FORT HOOD — World Wrestling Entertainment brought the Superstars to Fort Hood on Tuesday to film the 16th annual “Tribute to the Troops,” scheduled to air on the USA Network on Dec. 20.

Big names such as Ronda Rousey, Ric “The Nature Boy” Flair and 1996 Olympic Games wrestling gold medalist Kurt Angle spent the morning prior to filming the tribute by conducting physical training and having breakfast with the troops, rappelling at the air assault course and viewing a K-9 demonstration by the post’s military working dog handlers.

“As the deputy commander of III Corps, this is really important for us. It’s fantastic that WWE took time out to show their appreciation for the troops of the 3rd Corps, the U.S. Army and the military as a whole,” said British Maj. Gen. Felix Gedney, III Corps and Fort Hood deputy commander for sustainment. “It’s events like these, and the showing of public support by institutions such as the WWE, that is essential for building that morale (among the troops).”

Mingling with the troops and families was not the only outreach event the wrestling Superstars conducted.

“In addition to shooting the tribute show, WWE had another six teams of wrestlers at various events across the post, to include an outreach to dependent children with an anti-bullying rally at Meadows Elementary School,” said John Saboor, executive vice president of special events for WWE. “Of the 550 events WWE Superstars will perform around the world, Tribute to the Troops is one of their favorites because it’s an opportunity for them to look inwardly and thank soldiers and their families for everything they do for our nation.”

For the soldiers, getting to meet their favorite wrestlers was exciting.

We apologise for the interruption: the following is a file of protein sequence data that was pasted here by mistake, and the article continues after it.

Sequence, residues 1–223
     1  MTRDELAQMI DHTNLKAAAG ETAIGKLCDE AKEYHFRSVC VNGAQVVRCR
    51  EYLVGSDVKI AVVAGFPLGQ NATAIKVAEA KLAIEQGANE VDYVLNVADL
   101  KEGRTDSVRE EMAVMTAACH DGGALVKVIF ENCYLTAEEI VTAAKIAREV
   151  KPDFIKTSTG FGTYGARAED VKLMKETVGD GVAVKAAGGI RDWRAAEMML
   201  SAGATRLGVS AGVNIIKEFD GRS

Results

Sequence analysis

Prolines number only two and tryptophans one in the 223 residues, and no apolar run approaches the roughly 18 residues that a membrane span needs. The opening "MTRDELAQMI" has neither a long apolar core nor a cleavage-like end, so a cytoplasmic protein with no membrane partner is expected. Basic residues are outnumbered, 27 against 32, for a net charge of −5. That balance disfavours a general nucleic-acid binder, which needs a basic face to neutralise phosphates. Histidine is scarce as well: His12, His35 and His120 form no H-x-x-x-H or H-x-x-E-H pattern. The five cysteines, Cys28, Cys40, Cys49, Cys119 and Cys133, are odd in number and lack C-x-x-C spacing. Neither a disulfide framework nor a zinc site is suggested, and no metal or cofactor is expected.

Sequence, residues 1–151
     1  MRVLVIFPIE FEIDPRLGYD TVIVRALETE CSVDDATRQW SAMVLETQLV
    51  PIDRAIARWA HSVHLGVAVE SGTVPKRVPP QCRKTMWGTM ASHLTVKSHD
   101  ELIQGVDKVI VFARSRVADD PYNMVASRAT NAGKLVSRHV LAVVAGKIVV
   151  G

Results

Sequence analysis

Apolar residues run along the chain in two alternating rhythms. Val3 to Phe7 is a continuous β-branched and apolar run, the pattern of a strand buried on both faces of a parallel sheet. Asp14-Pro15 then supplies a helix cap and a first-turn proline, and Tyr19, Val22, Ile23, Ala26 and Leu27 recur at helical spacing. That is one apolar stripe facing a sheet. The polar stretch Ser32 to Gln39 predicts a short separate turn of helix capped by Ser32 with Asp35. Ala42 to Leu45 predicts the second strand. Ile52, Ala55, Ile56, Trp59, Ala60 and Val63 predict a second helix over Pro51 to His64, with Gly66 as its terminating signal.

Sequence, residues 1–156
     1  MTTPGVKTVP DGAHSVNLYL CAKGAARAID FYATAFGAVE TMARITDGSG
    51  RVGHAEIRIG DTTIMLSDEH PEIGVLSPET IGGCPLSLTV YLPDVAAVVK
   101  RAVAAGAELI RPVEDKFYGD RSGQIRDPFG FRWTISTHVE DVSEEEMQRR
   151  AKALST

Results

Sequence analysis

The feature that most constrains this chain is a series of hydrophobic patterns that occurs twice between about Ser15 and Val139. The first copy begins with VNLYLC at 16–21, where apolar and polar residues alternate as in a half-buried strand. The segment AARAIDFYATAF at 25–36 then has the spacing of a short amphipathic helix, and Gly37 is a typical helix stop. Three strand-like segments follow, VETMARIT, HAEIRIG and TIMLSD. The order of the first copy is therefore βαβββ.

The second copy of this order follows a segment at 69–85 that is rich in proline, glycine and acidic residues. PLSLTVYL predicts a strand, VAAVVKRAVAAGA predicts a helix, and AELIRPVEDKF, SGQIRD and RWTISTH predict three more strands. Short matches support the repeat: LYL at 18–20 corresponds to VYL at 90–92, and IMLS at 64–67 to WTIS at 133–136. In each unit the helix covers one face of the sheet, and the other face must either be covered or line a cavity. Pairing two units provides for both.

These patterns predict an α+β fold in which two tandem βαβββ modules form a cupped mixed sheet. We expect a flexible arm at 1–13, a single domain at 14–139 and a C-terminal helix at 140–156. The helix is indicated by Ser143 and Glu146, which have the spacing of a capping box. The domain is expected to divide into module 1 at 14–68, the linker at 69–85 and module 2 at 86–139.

“It was a pretty big surprise seeing a guy (Angle) I watched wrestling as a kid just randomly in the (Dining Facility) where I go to eat every morning,” said Cpl. Kurtis Cox, 2nd Battalion, 7th Cavalry Regiment, 3rd Armored Brigade Combat Team. “I’ve been watching him since before I even knew what TV was — I remember hearing about him win the Olympics back in ’96, and then he showed up on TV and I was like, ‘wow, there he is.’”

One soldier knew the visit was just going to make her 4-year-old son’s day.

“He’s got a wrestling mat, has a few wrestling (action figures) … he’s pretty much got it going on. He probably knows all of these people,” said Pvt. Carmen Tally, pointing at a group photo of all the Superstars she was collecting autographs on for her son.

“I think this is amazing, because sometimes the soldiers feel like we don’t really get recognized.” added the soldier from 2nd Battalion, 82nd Field Artillery Regiment, “It’s really good that they come and sit where the soldiers sit, eat what the soldiers eat, interact, take pictures, sign autographs ... it’s really nice of them to do that.”

dbryant@kdhnews.com | 254-501-7554

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